I think it was in late 2008 that I saw a post by Steven Sterlacchini on the old 2000ad Review forum that he was planning a fan film. I’d just finished working on a film earlier that year, doing storyboards and concept art, so sent him some samples. The possibility of working on anything Dredd related was too tempting to pass up, and luckily for me it turned out to be a brilliant experience with a great gang of incredibly talented people. When I saw Dan’s armour and Steve Green’s cgi test reel I knew they were serious about doing it justice.
I’ve been reading comics since I could read, and 2000ad has always been there. My dad used to work at an independent distributors in Liverpool in the 70’s and 80’s, before they went to the larger companies, and used to bring home bundles of magazines and comics each week. Victor, Battle, Eagle, 2000ad, Commando, Match, Shoot, Marvel UK’s Star Wars and Transformers, you name it. 2000ad I didn’t really appreciate until I was around my early teens, but was always drawn to Dredd. I started a tradition back then with every new sketchbook I’d get, page one was always a Dredd drawing, and I realised that drawing comics was something I wanted to do for a living, even if I had no idea at that point how to make it a reality. So really from day one, 2000ad has warped my fragile little mind.
Storyboards, for me anyway, tend to be far looser than fully rendered sequential art, using pro-markers and pilot pens rather than normal inks. When I first started doing storyboards for people I actually approached drawing them the same way as doing a page of comics art, before I realised that there often isn’t time for that, especially when doing several versions of a scene. I wish I could do them as tight and detailed as say Chris Weston’s storyboards, which are just stunning pieces of art on their own, but I need far far more experience before getting anywhere near to that point! Also with storyboards you’re portraying movement through multiple panels, rather than choosing a key moment in that movement to put into a panel, like drawing then firing a lawgiver or throwing a punch. Arrows and notations on the panel help convey that as well, which you obviously can’t get away with on a comicbook page. I found though after doing so many storyboards it has actually made me faster and more confident in my comicbook work, which I’ve started to get back into doing properly this year, but being primarily a comic artist, there is a definite level of embarrassment with some of the more rougher storyboards!
McMahons’ original Minty story was the main touchstone I think, in terms of design and so on, but it was down to the script and input from Steven S and Steve Green about what was needed to be shown when and where. I did try as much as I could to match the action in the strip with what was happening in the storyboard, but just embellish and expand it.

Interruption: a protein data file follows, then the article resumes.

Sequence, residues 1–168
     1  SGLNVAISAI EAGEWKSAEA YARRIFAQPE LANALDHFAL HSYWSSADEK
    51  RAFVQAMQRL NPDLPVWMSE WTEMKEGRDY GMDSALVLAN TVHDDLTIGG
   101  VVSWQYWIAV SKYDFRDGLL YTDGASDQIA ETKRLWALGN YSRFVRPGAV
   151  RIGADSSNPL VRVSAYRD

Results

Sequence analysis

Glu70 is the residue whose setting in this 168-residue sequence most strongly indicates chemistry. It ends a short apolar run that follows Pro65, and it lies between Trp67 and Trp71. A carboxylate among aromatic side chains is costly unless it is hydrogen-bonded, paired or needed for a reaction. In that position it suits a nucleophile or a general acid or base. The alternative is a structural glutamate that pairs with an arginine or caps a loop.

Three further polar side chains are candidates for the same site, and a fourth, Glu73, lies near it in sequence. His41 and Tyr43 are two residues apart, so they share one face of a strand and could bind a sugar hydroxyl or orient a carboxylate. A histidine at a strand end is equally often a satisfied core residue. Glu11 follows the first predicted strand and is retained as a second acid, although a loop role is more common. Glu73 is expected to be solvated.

Well, the first pass of every scene I just put in there what I thought would fit in terms of background, action, pacing and detail, drawing on my own knowledge of Dredd’s world and from conversations with the director. I imagined the scene in my head, play it out several times, then tried to convey that in the panels. I knew it wouldn’t all make it in but thought it might help narrow choices down or spark new ideas off in people. Some scenes I knew were probably a bit to elaborate or ambitious to do but I enjoyed putting them in anyway!
Not that I remember. I did go back and watch the Stallone film, and studied the art of books from that, not to reference anything specifically from them but more to understand their approach to making the 2d into convincing 3d. There is a lot of great design in that film. It’s one thing to draw a load of futuristic looking vehicles on a skedway but when you know a camera would be passing over them, you need to know at least in your head what they’d look like in 3d, so I used a lot of basic 3d modeling to help with composition, and my Dredd action figure did come in handy more than once. In terms of tone, I did spend a lot of time thinking about gritty details, like all the debris and litter that would fall down to city bottom from the blocks and transport lanes above, stuff that isn’t necessary to the storyboarding but just helps give a bit of texture to it. Likewise with the Cursed Earth, I wanted to ground that in reality so watched films like The Road and Book of Eli for inspiration, as well as dragging out piles of past progs.